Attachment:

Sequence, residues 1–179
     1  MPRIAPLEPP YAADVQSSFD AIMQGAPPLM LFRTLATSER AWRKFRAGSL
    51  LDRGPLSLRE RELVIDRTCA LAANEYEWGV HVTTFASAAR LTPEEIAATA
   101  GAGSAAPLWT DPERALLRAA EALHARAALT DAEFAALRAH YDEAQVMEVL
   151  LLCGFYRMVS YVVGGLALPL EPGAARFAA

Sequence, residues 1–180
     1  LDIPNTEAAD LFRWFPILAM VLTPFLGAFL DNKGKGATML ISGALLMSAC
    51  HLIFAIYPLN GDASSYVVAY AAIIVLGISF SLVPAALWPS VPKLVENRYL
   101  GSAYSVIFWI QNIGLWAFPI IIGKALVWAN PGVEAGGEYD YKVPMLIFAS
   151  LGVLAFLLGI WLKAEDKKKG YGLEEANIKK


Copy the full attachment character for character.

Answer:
Sequence, residues 1–179
     1  MPRIAPLEPP YAADVQSSFD AIMQGAPPLM LFRTLATSER AWRKFRAGSL
    51  LDRGPLSLRE RELVIDRTCA LAANEYEWGV HVTTFASAAR LTPEEIAATA
   101  GAGSAAPLWT DPERALLRAA EALHARAALT DAEFAALRAH YDEAQVMEVL
   151  LLCGFYRMVS YVVGGLALPL EPGAARFAA

Sequence, residues 1–180
     1  LDIPNTEAAD LFRWFPILAM VLTPFLGAFL DNKGKGATML ISGALLMSAC
    51  HLIFAIYPLN GDASSYVVAY AAIIVLGISF SLVPAALWPS VPKLVENRYL
   101  GSAYSVIFWI QNIGLWAFPI IIGKALVWAN PGVEAGGEYD YKVPMLIFAS
   151  LGVLAFLLGI WLKAEDKKKG YGLEEANIKK